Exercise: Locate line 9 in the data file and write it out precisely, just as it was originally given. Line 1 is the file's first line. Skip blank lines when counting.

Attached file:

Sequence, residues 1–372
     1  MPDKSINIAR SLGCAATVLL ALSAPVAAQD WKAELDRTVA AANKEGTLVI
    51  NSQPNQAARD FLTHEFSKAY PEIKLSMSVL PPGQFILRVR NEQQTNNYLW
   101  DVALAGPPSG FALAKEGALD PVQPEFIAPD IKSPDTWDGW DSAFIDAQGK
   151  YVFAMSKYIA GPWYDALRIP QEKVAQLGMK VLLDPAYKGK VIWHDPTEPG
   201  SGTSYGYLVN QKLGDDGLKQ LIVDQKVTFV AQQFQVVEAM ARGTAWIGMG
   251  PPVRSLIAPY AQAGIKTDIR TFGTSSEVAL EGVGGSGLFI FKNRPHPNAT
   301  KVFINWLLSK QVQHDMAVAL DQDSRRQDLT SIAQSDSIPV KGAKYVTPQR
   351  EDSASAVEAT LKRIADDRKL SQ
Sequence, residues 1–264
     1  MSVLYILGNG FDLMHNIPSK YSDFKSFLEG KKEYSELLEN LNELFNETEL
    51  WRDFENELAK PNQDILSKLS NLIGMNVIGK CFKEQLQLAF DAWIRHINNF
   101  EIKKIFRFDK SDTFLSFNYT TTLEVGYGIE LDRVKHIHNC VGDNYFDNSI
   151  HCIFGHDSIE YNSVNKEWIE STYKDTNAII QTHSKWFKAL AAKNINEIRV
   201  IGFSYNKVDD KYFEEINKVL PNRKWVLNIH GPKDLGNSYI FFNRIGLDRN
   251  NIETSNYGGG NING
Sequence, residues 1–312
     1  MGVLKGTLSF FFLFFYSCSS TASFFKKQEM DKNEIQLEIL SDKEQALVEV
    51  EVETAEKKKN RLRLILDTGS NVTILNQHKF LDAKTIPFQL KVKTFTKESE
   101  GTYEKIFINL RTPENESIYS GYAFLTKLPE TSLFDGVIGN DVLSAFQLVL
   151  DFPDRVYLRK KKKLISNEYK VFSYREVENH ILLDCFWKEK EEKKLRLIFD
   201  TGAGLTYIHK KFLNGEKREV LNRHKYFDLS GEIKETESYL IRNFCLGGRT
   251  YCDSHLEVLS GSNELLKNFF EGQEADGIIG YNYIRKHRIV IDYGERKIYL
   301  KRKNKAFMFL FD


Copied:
   351  EDSASAVEAT LKRIADDRKL SQ